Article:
Never did I expect to experience something like this. Being from England, you only ever really see this sort of stuff on news channels. Living the real thing was scary but incredibly grounding and made me realise how lucky we are in England to be mostly totally safe from natural disasters. The endless positivity from the villagers has been a saving grace for everyone and I am truly grateful that I have all these amazing people around me during this time. Nevertheless, tough times are ahead, there are many things that need to be fixed and it may be very difficult to get the supplies to fix them. I have no doubt that people will try their best and I pray that God will give us strength and look after us all in these testing times. 

You can donate to help Nakasaleka village through this fundraising link here: https://www.justgiving.com/crowdfunding/cycloneharoldnakasaleka?utm_term=5yJbmyxEq

Vinaka, thank you for reading and please share on Social Media!

47 thoughts on “CYCLONE HAROLD in KADAVU: Our Story

  1. Emma I am more than delighted that you and Alfie and all your family and friends are safe and well.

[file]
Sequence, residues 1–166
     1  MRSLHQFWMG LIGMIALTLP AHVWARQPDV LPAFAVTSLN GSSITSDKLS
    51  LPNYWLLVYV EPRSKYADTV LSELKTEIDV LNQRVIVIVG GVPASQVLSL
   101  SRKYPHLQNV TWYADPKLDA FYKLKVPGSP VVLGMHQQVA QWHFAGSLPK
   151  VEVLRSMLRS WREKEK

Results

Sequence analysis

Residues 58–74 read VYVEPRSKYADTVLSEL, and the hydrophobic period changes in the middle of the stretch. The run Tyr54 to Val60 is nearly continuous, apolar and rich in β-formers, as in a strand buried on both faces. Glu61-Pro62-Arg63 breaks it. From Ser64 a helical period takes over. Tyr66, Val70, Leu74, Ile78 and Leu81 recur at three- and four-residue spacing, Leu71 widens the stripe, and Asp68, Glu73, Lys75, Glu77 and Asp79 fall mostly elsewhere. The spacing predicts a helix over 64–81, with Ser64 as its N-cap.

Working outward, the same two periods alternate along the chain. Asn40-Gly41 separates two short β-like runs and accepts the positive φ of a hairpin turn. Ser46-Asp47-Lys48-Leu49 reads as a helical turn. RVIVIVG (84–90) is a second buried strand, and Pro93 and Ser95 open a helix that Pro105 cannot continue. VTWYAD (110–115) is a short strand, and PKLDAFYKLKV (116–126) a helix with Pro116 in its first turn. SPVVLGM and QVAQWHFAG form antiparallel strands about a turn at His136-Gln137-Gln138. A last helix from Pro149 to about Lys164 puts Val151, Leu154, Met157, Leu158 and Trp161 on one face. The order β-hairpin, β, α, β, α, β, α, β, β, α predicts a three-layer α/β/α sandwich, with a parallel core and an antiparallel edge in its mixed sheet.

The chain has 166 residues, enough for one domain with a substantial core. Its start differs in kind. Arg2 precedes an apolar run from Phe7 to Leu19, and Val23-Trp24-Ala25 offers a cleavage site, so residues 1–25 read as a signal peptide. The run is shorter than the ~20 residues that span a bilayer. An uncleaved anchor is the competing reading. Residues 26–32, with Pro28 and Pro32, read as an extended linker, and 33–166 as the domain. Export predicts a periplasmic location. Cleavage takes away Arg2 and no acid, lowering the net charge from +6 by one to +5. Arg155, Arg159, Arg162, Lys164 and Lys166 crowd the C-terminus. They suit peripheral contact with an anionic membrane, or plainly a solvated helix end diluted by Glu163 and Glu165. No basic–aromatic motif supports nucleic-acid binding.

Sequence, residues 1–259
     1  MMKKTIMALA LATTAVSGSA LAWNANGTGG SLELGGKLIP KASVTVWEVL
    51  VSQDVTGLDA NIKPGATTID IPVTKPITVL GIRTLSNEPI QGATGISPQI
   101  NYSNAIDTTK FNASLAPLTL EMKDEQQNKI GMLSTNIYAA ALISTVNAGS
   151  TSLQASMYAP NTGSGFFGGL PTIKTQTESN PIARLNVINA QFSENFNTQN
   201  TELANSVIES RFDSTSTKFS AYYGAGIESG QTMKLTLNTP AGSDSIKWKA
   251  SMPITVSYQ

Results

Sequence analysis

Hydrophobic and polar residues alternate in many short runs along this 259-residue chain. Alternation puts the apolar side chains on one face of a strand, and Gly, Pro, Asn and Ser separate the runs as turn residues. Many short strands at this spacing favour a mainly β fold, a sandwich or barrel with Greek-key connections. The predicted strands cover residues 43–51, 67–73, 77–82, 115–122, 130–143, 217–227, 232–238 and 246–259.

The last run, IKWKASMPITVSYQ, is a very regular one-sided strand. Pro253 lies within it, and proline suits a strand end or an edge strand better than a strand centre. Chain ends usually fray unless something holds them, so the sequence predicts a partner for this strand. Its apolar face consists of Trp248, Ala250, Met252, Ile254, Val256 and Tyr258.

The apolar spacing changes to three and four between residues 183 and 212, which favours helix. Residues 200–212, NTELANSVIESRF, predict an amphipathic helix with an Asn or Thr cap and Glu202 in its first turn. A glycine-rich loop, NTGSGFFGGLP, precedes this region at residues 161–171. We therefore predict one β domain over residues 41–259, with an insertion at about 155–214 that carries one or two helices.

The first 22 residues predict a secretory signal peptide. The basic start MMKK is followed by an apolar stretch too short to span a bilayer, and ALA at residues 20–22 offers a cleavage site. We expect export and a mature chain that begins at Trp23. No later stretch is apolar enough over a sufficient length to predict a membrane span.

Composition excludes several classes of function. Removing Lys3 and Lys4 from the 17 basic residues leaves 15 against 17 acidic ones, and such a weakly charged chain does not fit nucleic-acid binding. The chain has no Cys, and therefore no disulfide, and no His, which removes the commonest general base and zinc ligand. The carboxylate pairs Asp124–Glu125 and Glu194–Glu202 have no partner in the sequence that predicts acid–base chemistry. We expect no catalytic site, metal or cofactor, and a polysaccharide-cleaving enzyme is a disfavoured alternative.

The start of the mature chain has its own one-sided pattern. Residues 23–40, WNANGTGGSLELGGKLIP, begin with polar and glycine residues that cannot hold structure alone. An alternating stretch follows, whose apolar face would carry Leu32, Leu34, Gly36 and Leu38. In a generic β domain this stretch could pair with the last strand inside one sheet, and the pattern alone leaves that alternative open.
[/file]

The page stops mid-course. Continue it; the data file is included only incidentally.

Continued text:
What an overwhelming experience. Oh My !!!!!
    Thank you for sharing it with everyone.
    How wonderful to be living with such good and positive people. Long my you enjoy it.
    Is there any way I could help, maybe a silly question but I want to ask any way.
    Thank you so much for you open and honest story. Take care lots of love.x x

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  2. Love this thank you, my dad is from Nokoronowa across the bridge. I live in Brisbane Australia, and are worried about my family there the Soqeta’s. Please keep us updated this is amazing. I also have family in Lagalevu plus we have 2 houses there which I think have been ruined but we are waiting on confirmation and photos. Stay safe xx